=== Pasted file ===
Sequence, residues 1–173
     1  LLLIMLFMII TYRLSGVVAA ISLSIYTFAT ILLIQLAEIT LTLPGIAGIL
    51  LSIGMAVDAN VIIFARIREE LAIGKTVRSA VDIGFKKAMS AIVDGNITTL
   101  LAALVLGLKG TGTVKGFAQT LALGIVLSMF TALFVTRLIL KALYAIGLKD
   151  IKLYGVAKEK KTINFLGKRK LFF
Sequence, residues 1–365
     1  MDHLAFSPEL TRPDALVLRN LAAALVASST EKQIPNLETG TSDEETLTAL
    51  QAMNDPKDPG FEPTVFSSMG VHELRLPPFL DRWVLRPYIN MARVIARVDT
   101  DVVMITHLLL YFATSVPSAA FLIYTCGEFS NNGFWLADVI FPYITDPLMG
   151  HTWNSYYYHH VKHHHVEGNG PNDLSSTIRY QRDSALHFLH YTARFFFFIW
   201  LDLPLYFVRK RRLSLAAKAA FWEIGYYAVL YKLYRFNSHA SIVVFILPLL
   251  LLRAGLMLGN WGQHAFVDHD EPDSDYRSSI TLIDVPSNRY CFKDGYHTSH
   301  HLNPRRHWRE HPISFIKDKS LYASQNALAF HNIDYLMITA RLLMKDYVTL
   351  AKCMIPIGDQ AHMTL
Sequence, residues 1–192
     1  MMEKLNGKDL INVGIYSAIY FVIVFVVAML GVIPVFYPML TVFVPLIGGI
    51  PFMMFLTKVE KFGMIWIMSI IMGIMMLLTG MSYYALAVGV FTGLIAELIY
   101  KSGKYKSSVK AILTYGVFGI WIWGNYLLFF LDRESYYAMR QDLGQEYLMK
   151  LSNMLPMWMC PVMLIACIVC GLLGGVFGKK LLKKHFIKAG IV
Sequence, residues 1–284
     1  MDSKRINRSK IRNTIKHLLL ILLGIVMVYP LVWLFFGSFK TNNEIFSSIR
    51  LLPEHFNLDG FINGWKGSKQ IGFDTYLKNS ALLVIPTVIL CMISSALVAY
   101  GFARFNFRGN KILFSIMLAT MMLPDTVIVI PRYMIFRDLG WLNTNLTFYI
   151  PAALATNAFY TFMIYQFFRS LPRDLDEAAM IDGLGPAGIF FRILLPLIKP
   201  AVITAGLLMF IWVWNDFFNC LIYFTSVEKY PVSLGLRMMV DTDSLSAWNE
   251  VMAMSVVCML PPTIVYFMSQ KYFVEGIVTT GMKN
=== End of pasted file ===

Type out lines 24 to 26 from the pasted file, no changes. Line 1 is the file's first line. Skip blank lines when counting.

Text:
   151  PAALATNAFY TFMIYQFFRS LPRDLDEAAM IDGLGPAGIF FRILLPLIKP
   201  AVITAGLLMF IWVWNDFFNC LIYFTSVEKY PVSLGLRMMV DTDSLSAWNE
   251  VMAMSVVCML PPTIVYFMSQ KYFVEGIVTT GMKN